During the off season, it’s totally fine – and expected – to lose some fitness and put a little weight on too. It’s normal, natural, healthy and genuinely good for your longevity within sport. You shouldn’t expect to be in peak condition – both fitness and weight – year round. Try and you’ll burnout fast.

Omitting this rest is a recipe for distaster and the likelihood is you will either pick up an injury or permanently lose your mojo in due course!

However, once that rest is done and you’re eager to get back on the horse, ease yourself back into general exercise. This is a great time to try new sports because you don’t need to dive straight back into structured workouts. Triathletes spend a lot of time swimming, biking and running and don’t have a great deal of time for much else – the off-season is a perfect time to mix things up a little.

What about investing in a cheap mountain bike and hitting the trails with some mates? Or visit your local rock climbing centre and spending a few hours doing that? These are both great ways to expend that energy you’ve amassed but also allowing you and your mind to focus on something different.

If you take the rest seriously and give yourself that separation, I can guarantee your motivation levels will rise through the roof and you will be ready for a fresh new block of training.

Race Letter – The Flying Monk Malmesbury 10k 2019

DB Max descend on  the Flying Monk Football Ground in Malmesbury for the Flying MonMalmesbury 10k on Saturday 31st August and we are looking forward to welcoming you to this year’s event. #freebeer #freecider

Please click and read your race letter HERE carefully prior to race day. The race line-up and live result pages are available now HERE.

Please check your details very carefully and email your Race Timer HERE, if there are any errors. Please note, this is very important as if you race with incorrect details (gender, category, club), you may be disqualified.

Things to remember for race day:

  • Please ensure that you know your race number when arriving at the registration desk.
  • Please ensure that you bring your photo I.D with you for registering at the event.
  • Please be aware that it is an 8 to 12 minute walk from the car park to registration.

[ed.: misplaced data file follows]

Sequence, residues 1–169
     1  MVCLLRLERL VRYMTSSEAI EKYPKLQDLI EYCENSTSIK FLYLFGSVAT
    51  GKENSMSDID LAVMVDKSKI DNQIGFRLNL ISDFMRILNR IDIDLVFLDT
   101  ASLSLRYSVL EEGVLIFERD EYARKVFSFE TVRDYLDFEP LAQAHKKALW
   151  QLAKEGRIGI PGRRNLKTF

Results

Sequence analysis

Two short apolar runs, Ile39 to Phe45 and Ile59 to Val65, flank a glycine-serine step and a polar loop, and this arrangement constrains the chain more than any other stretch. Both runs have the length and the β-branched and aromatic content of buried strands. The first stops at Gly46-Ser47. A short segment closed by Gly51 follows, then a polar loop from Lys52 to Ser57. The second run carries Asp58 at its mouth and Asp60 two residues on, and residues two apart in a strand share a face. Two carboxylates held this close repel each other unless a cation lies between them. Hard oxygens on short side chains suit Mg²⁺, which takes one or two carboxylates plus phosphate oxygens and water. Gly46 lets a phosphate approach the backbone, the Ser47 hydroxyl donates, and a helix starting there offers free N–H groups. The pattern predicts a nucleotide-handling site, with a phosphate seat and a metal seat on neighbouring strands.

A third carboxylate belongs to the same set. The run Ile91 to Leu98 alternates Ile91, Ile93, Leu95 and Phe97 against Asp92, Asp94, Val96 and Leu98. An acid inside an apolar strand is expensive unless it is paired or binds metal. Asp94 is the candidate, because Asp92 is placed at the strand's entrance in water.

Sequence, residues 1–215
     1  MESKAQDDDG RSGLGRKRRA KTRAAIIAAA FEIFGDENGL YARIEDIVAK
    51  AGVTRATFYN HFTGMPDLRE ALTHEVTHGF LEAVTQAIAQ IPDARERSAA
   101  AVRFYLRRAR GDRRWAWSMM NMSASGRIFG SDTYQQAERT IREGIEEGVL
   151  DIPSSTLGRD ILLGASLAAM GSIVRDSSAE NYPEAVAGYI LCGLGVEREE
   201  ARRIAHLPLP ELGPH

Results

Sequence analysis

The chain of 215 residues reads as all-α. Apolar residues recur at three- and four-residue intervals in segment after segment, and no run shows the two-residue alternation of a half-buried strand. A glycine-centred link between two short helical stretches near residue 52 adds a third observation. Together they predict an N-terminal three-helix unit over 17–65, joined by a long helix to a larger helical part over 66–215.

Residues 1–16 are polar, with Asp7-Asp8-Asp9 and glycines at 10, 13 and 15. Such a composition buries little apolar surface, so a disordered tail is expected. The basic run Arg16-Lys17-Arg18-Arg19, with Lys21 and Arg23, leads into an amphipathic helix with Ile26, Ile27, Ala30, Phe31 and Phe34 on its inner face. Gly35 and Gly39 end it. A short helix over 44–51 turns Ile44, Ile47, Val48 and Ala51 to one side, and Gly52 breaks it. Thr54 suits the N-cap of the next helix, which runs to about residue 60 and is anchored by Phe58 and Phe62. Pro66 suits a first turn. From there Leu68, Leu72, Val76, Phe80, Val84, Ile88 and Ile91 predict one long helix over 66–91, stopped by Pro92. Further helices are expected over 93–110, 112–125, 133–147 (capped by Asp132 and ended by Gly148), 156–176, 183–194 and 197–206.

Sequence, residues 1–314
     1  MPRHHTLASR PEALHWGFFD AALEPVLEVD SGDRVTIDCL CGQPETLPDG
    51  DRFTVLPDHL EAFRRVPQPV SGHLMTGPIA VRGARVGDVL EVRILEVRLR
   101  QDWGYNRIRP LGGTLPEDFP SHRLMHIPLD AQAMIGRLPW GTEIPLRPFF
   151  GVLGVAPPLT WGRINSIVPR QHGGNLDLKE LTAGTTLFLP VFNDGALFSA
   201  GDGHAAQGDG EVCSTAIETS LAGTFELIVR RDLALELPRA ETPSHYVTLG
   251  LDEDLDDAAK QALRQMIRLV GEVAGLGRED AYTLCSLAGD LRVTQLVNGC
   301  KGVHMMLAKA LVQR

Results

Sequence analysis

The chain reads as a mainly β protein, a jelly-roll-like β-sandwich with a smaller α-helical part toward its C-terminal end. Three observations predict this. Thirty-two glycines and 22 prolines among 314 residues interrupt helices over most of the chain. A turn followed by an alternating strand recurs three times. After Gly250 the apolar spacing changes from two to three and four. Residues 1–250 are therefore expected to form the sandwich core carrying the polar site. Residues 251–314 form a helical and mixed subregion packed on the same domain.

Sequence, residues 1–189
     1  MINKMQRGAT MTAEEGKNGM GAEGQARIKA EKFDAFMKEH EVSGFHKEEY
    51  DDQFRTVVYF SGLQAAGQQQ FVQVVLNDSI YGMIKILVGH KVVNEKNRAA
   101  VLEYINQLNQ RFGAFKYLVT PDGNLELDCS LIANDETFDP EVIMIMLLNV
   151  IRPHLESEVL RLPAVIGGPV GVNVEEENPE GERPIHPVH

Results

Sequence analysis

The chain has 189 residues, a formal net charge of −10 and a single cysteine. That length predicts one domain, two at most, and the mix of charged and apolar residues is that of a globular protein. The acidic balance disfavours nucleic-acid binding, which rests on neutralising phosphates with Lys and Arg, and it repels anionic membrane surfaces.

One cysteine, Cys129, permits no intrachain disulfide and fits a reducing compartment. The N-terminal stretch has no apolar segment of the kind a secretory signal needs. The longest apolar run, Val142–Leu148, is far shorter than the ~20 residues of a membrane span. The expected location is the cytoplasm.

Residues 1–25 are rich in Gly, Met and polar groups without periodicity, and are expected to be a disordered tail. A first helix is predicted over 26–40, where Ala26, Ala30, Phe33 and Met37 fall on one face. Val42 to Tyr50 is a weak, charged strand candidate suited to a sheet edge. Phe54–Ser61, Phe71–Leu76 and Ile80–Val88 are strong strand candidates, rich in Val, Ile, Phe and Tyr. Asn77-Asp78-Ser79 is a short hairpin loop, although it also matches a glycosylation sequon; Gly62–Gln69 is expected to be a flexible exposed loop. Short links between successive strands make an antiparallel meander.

That’s all for now. Good luck with your final race preparations and we look forward to seeing you on Saturday 31st August.

 

 

Recover like a pro post-run

Whether you’re a professional or a couch to 5k runner, it doesn’t matter: recovering from your run sessions is vital regardless of the level you are at. Not only will it help aid muscle soreness or injuries and niggles occurring, but recovering properly will enhance your performance next time and that’s something ALL of us want right?

Here are some tips to help you nail that recovery!

Warm down. This is just as important as warming up. Just a gentle jog and 10mins of light stretching at the end is all that’s required to kick-start that recovery phase. Adding this into your regime, although may feel like a bit of a burden and pointless but it will help you a lot long-term.

Refuel. Aiming to consume some nutrition post-run should be high on the list. Research suggests to take full advantage of that key window (20-30min) post session to get some food in. This is to help repair, build and replace what was lost throughout.

Rehydrate. Again, another priority on the ‘recovery list’ is hydration. Not only should it be an essential post session or race, this should also take place pre-run too! This helps reduce the chances of cramping or dehydration creeping in mid-session, especially if you are running longer distances such as half, full and ultra marathons. Rehydrating after is very important and helps to replace what was lost through sweating throughout the run.

Sleep. Everyone knows the importance and benefits sleeping has on our bodies. Aim for 7-8hrs each night – this enables the body time to rest and repair and its especially important after a big session or race.

Listen to your body. If you’ve had a hard training session or race and are no doubt feeling the effects of it, such as fatigue and muscle soreness, be sure to take it steady for the next few days before jumping back into training. A suggestion would be to implement some cross-training such as swimming or spinning into your week to help the body moving and flush out that lattice with little to no impact on the body.